Thanks again to Ruth for today’s write-up:
Aahhhh, a gymnosperm. It’s been a while since we’ve discussed a plant without flowers. Here is a “dinosaur species”, a member of the Zamiaceae populating the landscape during Cretaceous times: Velociraptor (75 to 71Ma ago), Tyrannosaurus rex (68 to 65Ma ago) and Encephalartos caffer — if only I had a time machine! Out-surviving the dinosaurs, this specific Encephalartos is from the coastal belt of southeast Africa in the east of Cape Province. It is speculated that the species has evolved to seek shelter from grassveld wildfires by a strategy of growing tucked amongst rock outcroppings. Encephalartos caffer is accustomed to hot dry summers and will not tolerate frost. Some individuals have been recorded at a height of 4.5 meters, but growth to this extreme takes decades and rarely happens in cultivation.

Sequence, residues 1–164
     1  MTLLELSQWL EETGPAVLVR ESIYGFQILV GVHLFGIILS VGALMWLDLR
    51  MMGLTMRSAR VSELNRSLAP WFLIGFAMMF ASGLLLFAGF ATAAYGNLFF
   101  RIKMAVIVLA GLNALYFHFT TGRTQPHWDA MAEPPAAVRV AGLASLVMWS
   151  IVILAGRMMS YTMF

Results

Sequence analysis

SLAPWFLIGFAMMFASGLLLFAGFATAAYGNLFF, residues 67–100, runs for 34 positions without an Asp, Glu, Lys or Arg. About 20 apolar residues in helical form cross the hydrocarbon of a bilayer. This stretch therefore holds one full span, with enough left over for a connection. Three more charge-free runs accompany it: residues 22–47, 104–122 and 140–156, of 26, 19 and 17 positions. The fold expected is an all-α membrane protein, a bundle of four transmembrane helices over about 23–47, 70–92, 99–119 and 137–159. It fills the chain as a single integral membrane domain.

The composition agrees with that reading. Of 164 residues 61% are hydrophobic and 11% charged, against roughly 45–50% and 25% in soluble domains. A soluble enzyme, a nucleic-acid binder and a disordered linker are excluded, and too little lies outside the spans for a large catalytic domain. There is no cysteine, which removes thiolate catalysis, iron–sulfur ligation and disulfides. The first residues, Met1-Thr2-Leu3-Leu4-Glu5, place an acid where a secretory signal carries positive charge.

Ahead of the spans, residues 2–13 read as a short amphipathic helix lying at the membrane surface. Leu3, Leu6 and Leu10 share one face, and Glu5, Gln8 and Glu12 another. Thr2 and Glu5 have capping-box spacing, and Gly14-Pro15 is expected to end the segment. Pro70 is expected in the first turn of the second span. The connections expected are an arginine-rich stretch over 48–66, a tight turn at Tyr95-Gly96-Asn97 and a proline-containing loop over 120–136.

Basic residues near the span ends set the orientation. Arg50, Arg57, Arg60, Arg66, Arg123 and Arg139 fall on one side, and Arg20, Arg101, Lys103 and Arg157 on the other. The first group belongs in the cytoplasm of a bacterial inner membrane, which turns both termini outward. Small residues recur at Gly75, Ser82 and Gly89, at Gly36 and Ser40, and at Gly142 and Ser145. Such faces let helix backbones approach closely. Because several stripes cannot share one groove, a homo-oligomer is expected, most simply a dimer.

Cycads, like many gymnosperms, are dioecious, meaning there are separate male and female plants. Today’s picture is of a young female cone. The cone arose from a short stalk emerging from the basal rosette of stiff compound leaves. At maturity, this cone will bear bright red seeds, two per scale. The name Encephalartos translates to bread within the head in Greek, alluding to the fact that a starch for bread can be made from the pith of the stalk. Some Africans still use these plants for that purpose, although cycads as a group are generally endangered. I urge you not to attempt making bread from a cycad, as their toxicity is under investigation. Cycads contain toxic compunds in many of their tissues, with seeds having especially concentrated amounts of these often lethal poisons.